Uber’s culture of masculine-driven toxicity had no better illustration than a moment from Uber’s all-hands meeting, in which the board of directors presented recommendations from former Attorney General Eric Holder’s investigation into the company and announced a leave of absence for founder and CEO Travis Kalanick.
The moment came after board member Arianna Huffington mused on women in leadership positions on the board, now ex-board memberDavid Bonderman made a sexist joke, which Yahoo Finance reported with exclusive audio.
It got worse when Chief HR officer Liane Hornsey made repeated jokes about taking shots.
These moments cut into the overarching theme of culture change and once again bring up the question of whether and how all the scandals will affect the business in the long term. A lot of speculation and opinion has floated around on this point, buoyed by a viral response to each scandal, whether it be flouting regulations or more tales of sexist, bro culture. Something like 200,000 people may have actually #deleteduber, but it’s important to put these numbers in context.
The scandals haven’t mattered much thus far
The public became aware of Uber’s toxic culture at the end of January. Over the next few months the company’s growth trends in New York, its biggest American market, didn’t appear to have changed much if at all. From May 2015 to May 2017, Uber continued to grow and is currently enjoying an all-time high of 291,000 trips per day, according to data from the city’s Taxi and Limousine Commission and charts from data guru and developer Todd Schneider.
Uber trips are approaching to the total number of yellow taxi trips per day, and the gap has narrowed. Though competitors like Lyft have seen growth, perhaps collecting Uber boycotters, Uber is still far above the rest.
From a driver perspective, in terms of cars on the road, Uber has similarly continued to skyrocket in the U.S.’s largest city.
If the scandals thus far haven’t torpedoed Uber’s growth, there seems little reason why it should happen now, considering that the company’s CEO is gone indefinitely and Holder’s recommendations to fix the company culture were accepted unanimously by its board. There would have to be something overtly heinous to provoke a mass exodus. Similar to President Trump saying during his campaign that he could shoot someone in the middle of Fifth Avenue in New York City and still get elected, it seems people have an equally great tolerance of Uber. It would take something awful on a greater scale to affect consumer sentiment in a big way.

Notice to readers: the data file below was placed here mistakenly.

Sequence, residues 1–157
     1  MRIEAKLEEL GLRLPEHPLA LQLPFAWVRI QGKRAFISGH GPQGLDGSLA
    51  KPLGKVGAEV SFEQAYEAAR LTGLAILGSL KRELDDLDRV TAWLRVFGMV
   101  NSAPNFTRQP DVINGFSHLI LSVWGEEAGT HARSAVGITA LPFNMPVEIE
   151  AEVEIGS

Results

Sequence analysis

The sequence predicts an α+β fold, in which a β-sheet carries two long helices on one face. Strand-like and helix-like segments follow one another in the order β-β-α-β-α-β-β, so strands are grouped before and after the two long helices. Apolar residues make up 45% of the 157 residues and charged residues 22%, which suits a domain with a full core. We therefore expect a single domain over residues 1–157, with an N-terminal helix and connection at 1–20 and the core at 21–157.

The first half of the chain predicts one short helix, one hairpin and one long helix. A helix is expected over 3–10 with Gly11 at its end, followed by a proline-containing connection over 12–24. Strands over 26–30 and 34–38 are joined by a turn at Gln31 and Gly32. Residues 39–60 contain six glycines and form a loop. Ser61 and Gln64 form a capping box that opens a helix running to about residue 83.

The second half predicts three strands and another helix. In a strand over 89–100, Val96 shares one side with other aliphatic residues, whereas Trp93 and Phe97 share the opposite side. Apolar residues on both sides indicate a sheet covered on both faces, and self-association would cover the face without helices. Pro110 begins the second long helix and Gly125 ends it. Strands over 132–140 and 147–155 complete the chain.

Furthermore, the factor that may have made the company so scandal-prone is the same factor that attracts people to it, and fuels indifference now: The service is just really well executed from a rider standpoint. You push a button and a car comes.
Strong consumer enthusiasm for Uber seems to have given the company the courage—or hubris—to flout regulations and even collect dirt on journalists, enabling the manifest-destiny-like aggression that has driven it into scandal. And as the Outline notes, the venture capital industry actually appreciated this “rules-don’t-apply” mindset of aggressive founders.
Uber’s downfall, if it happens, will come from something else
With Uber’s popularity still mostly intact, the issues to watch will be its ongoing legal battle with Google’s self-driving car division, Waymo, its pricing, and its driver relations. Uber’s appeal, in part, is its relative affordability, which comes from pouring a great deal of its own cash to subsidizing rides. It’s not a long-term strategy and eventually either prices must rise or driver pay must rise.
Unless, of course, Uber manages to solve the self-driving car problem, thus fixing its labor issue.
In any event, it’s a wait-and-see game, and Uber still plays a massive advantage. Its name is a verb now, like “google,” and at least in New York City, a massive ridesharing area with very accessible data, the company is orders of magnitude above its next-biggest competitor, Lyft. Much uncertainty still surrounds Uber, but in terms of ridership, it’s doing pretty good.